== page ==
Nice observation there, blondie, but ... now what? Narratively, those dead ends mean most characters aren’t worth acquiring because the story isn't going to stray so far from those key events, previously mentioned. Not to say there aren’t a few gems: Pip is the trademark adorable puffball and actually changes appearance depending on what elements you have him use.
Oh yeah, combat. See, it’s this high degree of branching complexity that loses players, because honestly, who can keep track of so much, even when motivated to do so? Combat, on the other hand, is actually easy to master and I quite enjoyed it. There are three components you need to keep track of: Health, elemental level and field effect. Quite a contrast to the overblown roster of choose-your-questionably-applicable-hero.
I can’t really understate how elegant the balancing act of managing the risk vs reward system is in combat, once you get used to how things work. In a nutshell, you choose from three levels of attack. Think ‘soft, medium, hard’ where the first always has the highest percent chance to do damage. Each attack has a numerical value that you use to build up the level charge for casting elements, which are your items and spells.
Mastering combat is undoubtedly the most enjoyable thing to do in Chrono Cross, and even presents the challenge of figuring how to obtain the highest level elements. This means learning the field system in which the colour of the field is changed in three ringed sections according to the order and colour of the elements cast. With six elemental colours to manage, it does require some strategy when you encounter even mid-level bosses.
That’s another thing: You can’t grind for levels here, instead your heroes just level up in small amounts as necessary when fighting tougher enemies. Bosses also give you a substantial boost and stars to use for top-grade special summoning elements. As a result you can encounter areas that are too tough for your party, but I found that to be a very minor issue that I could plan my way out of. There are also ways of acquiring weapon materials ‘early’ to give yourself an advantage, for a little while.
Now that we’ve covered Chrono Cross’ strengths, I wanted to get back to that not-so-spoilerific example of consequence quandary. Most of the time consequences in this game make sense and don’t seem out of place, but this rather harsh instance does. It’s actually a sore point with fans, as well. Sigh. Enough prevaricating.
When Kid, in dire straits, needs your help you have but one means of saving her. It’s a key event, and the story won’t progress until you do this. I name dropped Hydra Marshes for reason, since it’s where you obtain the necessary curative. A beast that is extinct in “Another World” is alive and well in “Home World”, where Serge originated from. Naturally, you’ve got to slay the beast and bring its fluids back to restore Kid to health.
This is where things get ugly. What I didn’t mention was the dwarves who defended the Hydra, who block your path. So, you all but wipe them out in order to achieve your goal, and they declare vengeance. Except, here’s where it gets questionable. They apparently swim on over to an island of faeries and proceed to enact genocide upon them all. This was harrowing for my Mom and I, and we spent months searching for a way to prevent it.
The short answer is "you can't."
As a writer I understand the rationale, but I definitely don’t agree with its implementation. There are too many failures in logic for it to be feasible, and it comes off as social commentary more than a natural consequence of poor choices. Logic in a dimension hopping game? You must be mad! Look, either cause and effect is universal, or its trivial. How would I have done it differently? That’s not an easy one to answer, because ultimately the player portrayed as being in the wrong.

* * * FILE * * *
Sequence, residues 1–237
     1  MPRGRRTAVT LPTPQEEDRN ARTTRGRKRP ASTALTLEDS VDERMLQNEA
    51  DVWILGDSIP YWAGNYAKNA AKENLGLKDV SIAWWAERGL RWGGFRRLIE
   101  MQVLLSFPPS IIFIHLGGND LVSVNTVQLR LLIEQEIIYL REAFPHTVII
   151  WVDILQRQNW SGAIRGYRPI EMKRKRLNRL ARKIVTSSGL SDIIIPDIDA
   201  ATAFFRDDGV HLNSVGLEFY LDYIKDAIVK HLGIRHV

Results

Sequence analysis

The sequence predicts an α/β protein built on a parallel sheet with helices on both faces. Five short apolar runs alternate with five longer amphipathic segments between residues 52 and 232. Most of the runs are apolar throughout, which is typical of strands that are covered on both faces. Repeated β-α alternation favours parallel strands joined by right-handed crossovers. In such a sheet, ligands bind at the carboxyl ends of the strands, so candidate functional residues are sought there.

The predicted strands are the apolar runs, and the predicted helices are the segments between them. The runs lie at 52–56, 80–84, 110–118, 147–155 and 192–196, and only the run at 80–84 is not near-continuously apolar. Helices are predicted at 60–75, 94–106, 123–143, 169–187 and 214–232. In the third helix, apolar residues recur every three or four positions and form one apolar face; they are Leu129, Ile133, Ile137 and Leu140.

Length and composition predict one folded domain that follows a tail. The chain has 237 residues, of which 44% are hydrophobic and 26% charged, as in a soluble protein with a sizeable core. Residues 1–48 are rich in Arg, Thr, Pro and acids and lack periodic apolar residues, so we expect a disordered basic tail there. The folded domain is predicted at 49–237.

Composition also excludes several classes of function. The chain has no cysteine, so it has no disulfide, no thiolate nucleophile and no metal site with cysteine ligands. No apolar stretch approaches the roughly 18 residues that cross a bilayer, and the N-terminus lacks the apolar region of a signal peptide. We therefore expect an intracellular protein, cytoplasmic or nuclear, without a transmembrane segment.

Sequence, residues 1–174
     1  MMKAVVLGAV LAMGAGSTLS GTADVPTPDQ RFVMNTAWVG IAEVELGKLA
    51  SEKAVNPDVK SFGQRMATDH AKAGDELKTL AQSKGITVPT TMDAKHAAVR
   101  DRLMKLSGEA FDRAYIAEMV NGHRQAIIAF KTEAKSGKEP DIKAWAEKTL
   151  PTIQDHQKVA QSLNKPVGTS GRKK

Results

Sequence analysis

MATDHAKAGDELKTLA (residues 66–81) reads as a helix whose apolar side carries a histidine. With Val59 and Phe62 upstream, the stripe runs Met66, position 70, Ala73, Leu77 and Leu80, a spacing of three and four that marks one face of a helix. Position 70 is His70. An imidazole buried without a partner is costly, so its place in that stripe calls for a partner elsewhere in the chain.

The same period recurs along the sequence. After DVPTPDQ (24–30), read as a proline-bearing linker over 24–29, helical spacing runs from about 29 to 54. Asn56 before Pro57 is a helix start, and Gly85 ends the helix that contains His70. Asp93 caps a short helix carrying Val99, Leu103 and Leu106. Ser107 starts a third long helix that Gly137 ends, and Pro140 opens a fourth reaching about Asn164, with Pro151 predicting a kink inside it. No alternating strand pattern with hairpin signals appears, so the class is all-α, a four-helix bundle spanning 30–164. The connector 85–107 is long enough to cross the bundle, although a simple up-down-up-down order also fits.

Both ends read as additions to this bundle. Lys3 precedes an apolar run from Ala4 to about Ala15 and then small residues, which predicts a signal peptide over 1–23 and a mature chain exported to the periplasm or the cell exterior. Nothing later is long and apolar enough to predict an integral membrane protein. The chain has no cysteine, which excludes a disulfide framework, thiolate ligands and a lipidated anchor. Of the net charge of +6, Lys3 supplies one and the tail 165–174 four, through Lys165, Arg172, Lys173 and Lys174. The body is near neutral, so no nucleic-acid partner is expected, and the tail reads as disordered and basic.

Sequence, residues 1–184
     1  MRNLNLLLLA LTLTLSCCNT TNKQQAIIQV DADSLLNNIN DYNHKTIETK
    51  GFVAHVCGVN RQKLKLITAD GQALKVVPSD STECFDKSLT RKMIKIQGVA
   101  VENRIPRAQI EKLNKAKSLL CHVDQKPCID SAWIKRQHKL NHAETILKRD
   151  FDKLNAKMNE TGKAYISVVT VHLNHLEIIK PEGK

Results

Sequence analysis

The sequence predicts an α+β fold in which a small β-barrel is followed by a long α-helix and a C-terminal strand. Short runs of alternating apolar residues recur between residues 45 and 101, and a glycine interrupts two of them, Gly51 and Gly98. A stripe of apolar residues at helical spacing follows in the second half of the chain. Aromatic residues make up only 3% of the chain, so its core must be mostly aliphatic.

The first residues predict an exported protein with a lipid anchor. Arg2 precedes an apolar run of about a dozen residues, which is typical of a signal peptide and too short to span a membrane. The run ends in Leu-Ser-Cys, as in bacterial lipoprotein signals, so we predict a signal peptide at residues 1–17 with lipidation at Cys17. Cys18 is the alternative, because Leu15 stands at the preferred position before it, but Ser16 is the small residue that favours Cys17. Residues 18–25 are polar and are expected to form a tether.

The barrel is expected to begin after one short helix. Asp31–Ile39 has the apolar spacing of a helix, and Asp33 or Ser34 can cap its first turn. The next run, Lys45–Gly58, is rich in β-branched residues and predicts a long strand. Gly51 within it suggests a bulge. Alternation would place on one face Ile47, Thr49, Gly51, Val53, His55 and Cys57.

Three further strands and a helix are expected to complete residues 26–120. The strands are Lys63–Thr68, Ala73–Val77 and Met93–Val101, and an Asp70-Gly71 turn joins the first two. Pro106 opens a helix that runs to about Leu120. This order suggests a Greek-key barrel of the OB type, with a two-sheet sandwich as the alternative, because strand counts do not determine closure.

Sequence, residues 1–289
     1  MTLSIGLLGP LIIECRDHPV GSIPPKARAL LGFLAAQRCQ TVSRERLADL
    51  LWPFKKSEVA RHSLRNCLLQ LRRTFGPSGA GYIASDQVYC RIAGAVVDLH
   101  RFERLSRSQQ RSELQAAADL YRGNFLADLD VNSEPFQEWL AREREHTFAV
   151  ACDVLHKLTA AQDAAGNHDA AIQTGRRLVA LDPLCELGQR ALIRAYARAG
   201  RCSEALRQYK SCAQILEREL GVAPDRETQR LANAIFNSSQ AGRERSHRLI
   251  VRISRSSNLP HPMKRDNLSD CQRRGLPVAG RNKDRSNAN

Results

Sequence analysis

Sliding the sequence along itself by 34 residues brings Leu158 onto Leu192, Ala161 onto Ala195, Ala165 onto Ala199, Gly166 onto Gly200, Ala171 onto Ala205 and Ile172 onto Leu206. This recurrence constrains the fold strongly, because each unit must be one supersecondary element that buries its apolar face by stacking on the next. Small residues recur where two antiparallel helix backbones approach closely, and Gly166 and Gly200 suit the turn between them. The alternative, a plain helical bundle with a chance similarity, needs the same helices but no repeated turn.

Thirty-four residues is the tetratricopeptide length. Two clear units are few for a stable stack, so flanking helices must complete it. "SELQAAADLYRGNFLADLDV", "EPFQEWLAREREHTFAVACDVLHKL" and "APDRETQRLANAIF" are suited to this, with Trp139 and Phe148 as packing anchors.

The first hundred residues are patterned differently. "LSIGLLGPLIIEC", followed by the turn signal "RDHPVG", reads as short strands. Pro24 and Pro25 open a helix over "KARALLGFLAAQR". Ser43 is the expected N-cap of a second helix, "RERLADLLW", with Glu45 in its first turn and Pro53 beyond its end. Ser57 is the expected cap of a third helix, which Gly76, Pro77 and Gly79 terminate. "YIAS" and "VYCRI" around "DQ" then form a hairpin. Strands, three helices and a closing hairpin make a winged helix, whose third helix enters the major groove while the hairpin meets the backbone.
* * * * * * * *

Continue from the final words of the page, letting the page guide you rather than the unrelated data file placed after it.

I see this question as a largely cultural one. How fair is it for us to survive when others die, if all life is precious? A reasonable question that can only be answered personally, and the perspective of this story doesn't jive with my belief that everything has a purpose. In terms of story execution, the point is forced and heavy handed, because there never was a peaceful option for the player.
We never get to see how it could have gone differently and thus the player's heroics are damned as thoughtless and even destructive folly in spite of its hopeful resolution at the end. Why bother saving time from the Devourer if all you can do is crush and destroy? Absolutely yes violence is horrible and even senseless, but these consequences would have had more impact if they had branched that path instead of extending it for the legions of forgettable characters who exist for almost no reason at all.
At the risk of sounding melodramatic I have to ask: Is the point really that the only way the faeries can live is if the dwarves don’t?
Alright, enough of that noise. The very fact that Chrono Cross raises these questions speaks to its status as a classic. It wasn't a rarity in its heyday, and I find it difficult to recommend by virtue of combat, graphics and music alone. Artistry of this quality serves a platformer well enough, but an RPG needs a solid payoff for me to declare it worthy of revisiting, or even taking on for the first time. The accent system underlines the third wheel character dialogue, which in turn becomes interchangeable mush that renders the beautifully drawn cast into a largely forgettable haze.
Is it perhaps ironic that it is maintained by opportunity over other RPGs that better deserve the spotlight? At the time no one did branching paths as well, and it was a technical achievement experienced only on platforms such as the PC. If you do choose to dive in, you can pick this one up cheaply for digital download on the PS3 and PS4. Alternatively, it can be easily emulated for higher graphic fidelity, or gasp played on authentic hardware. However you slice it, this controversial example of the genre continues to be a fine example of how to push a console to its technical limits and its players to their emotional ones.
Community review by hastypixels (November 24, 2018)
At some point you stop justifying what you play and begin to realize what you're learning by playing.